New Chief Diversity Officer Sees 'A Journey, Not a Destination'
Dr. Elizabeth Medina, Civil Air Patrol’s new chief diversity officer, strongly believes the work of diversity, education, and inclusion – DEI – “is a journey, not a destination, and if we are doing it right, we are going to be doing it the rest of our lives.”
In filling the newly created post, Medina said, she’s committed to ensuring CAP focuses on the vison of embedding DEI throughout the entire organization in alignment with its mission. She will lead in the creation and execution of a plan that will establish values-based goals to be achieved on local, regional, and national levels.
Medina joins CAP after previously serving as the first chief diversity officer at a private liberal arts university and then transitioning to her recent role as the inaugural DEI director for a corporate startup in the health technology industry. She expressed great enthusiasm about the opportunity to fill the DEI role for CAP, both because of its articulated values as well as a legacy of impacting lives across communities in need.
Medina also acknowledged the servant leadership CAP members display in assisting people in times of crisis as well as in helping shape young leaders and promoting science, technology, engineering, and math in the nation’s classrooms. “Servant leadership, particularly within in historically underrepresented, underserved, and underestimated communities, resonates with me both personally and professionally,” she added.
CAP’s multiple areas of emphasis translate into an ability “to impact diverse communities across a range of social identities and lived experiences,” Medina said. She concluded by saying that committing to ensuring and expanding diversity, equity, and inclusion within the organization’s leadership and membership can only strengthen that impact.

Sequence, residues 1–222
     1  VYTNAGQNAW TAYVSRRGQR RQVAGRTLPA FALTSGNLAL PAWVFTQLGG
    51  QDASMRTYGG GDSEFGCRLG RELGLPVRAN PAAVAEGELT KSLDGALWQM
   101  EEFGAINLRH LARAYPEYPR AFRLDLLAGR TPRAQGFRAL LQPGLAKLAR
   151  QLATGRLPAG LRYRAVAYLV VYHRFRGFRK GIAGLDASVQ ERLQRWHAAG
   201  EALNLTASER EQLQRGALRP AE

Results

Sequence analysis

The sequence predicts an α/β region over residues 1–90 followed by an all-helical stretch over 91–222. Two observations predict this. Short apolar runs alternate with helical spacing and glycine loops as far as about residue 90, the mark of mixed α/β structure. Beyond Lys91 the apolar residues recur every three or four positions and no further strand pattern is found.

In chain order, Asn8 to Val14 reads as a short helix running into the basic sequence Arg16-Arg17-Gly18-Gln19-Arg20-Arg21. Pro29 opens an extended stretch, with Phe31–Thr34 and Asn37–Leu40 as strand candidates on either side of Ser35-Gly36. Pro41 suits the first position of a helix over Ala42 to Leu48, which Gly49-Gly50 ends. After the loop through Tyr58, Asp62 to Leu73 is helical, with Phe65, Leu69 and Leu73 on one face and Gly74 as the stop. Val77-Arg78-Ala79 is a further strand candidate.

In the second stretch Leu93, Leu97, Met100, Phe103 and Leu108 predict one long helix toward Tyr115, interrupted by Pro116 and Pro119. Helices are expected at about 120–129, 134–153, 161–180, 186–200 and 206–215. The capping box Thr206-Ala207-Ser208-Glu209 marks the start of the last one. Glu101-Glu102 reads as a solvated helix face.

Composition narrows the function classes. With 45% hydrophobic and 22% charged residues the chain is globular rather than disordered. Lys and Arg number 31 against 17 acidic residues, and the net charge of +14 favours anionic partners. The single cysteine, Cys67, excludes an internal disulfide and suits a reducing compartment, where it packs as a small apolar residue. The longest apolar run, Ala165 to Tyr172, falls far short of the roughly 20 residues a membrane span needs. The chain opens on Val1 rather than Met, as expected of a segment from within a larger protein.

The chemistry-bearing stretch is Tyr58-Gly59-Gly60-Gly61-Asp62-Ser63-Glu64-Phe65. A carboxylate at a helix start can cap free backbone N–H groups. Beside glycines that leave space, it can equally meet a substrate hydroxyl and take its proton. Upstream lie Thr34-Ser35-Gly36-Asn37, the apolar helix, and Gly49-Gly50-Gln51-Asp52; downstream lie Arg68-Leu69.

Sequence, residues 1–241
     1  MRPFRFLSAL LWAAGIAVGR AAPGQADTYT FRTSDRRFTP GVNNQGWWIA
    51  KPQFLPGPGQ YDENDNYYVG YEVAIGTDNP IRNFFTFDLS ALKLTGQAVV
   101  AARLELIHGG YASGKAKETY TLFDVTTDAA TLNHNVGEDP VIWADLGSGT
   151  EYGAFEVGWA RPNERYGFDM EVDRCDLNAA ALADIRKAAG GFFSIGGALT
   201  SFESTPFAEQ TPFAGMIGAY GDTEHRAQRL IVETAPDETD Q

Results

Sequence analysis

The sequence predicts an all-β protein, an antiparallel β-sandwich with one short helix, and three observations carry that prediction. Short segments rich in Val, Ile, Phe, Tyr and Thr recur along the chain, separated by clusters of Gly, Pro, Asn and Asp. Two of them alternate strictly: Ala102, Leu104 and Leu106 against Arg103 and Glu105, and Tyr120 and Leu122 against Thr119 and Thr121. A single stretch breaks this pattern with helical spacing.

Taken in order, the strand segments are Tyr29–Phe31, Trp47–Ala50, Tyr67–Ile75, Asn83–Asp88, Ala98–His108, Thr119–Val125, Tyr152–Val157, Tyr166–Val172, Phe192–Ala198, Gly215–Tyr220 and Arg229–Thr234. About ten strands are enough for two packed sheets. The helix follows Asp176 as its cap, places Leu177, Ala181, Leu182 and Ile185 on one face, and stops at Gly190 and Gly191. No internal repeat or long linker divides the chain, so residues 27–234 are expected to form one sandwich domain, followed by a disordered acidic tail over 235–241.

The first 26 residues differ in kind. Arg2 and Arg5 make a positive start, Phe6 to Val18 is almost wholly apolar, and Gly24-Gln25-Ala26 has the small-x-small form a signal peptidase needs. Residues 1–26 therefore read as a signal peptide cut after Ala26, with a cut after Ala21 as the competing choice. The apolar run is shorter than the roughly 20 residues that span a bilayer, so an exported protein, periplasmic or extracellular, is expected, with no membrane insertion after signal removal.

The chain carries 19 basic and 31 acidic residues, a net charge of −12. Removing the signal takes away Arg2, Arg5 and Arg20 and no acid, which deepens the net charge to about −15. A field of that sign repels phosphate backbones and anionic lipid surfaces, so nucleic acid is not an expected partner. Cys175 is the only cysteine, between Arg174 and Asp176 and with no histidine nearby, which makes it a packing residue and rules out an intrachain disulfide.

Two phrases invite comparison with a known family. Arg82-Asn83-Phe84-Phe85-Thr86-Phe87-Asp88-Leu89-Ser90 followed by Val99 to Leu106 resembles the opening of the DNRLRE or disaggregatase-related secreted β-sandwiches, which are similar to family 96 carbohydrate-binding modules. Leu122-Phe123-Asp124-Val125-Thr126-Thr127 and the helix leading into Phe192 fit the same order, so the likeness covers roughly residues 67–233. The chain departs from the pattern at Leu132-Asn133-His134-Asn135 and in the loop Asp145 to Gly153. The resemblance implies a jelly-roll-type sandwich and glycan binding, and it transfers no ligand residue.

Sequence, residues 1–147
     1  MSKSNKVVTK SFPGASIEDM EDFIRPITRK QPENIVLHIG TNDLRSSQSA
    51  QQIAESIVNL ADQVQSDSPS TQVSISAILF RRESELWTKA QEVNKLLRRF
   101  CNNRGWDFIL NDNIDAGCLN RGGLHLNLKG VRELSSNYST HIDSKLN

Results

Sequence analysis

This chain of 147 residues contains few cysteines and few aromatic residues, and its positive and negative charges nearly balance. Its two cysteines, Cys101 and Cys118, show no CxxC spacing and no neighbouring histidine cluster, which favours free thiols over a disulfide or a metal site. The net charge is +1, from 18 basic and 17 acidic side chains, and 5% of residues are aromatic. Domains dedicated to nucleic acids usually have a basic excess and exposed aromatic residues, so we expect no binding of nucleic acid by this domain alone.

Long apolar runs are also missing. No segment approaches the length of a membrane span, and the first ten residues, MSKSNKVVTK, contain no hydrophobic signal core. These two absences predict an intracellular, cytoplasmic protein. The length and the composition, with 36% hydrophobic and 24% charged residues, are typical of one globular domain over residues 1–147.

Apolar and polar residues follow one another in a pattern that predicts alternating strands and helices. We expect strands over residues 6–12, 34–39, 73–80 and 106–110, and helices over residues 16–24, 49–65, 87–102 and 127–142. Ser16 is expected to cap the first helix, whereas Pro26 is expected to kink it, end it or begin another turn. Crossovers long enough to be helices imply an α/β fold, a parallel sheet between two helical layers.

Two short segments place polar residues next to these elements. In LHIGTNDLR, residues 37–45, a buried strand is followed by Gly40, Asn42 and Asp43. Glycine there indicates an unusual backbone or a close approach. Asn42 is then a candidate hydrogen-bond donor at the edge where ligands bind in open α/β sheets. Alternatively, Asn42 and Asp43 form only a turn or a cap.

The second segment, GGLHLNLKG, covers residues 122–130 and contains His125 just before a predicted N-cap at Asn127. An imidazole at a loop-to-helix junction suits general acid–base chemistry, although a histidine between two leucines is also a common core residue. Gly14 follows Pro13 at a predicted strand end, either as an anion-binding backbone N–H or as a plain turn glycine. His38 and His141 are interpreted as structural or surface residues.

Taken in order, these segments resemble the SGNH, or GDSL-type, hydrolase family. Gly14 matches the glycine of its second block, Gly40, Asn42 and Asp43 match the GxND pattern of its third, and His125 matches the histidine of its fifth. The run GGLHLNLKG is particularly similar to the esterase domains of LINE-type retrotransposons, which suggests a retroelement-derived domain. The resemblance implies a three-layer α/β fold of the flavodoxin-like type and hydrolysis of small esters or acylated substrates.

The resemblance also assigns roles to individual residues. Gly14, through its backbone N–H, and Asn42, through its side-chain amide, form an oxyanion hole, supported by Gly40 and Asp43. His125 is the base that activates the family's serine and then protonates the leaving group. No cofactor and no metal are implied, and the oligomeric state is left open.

John Salvador, CAP chief operating officer, described Medina as “extremely experienced in and deeply passionate about supporting, empowering, and uplifting others through the creation of diverse, equitable, and inclusive environments and experiences.” He said she’ll "work closely with CAP’s volunteer national diversity officer and the DEI council to help CAP achieve our DEI goals through organizational accountability.”
CAP’s work over the last several years to expand its diversity, equity, and inclusion efforts and its prioritization of this leadership role “communicates to me the importance CAP places on the work”, which in turn she finds “indicative of an organization that is really trying to continue making progress when it comes to DEI,” Medina said.
She plans to build on this foundation: “Yes, I am going to plant seeds, but I am also going to water the seeds that others have planted,” because she views it as her job to move this work forward across all aspects of the organization with a focus on CAP’s mission, vision, and values.
As a newcomer to CAP, Medina also said she plans to initially “do more listening than talking” – “getting to know individuals, teams, the work they do, the people they serve, and learning what the needs of the organization are in terms of diversity, equity, and inclusion.”
Along the way, Medina said, she’ll gain a greater understanding of Civil Air Patrol’s history and culture as well as the organization’s policies and practices, which will ultimately inform how she shapes a sustainable diversity, equity, and inclusion plan.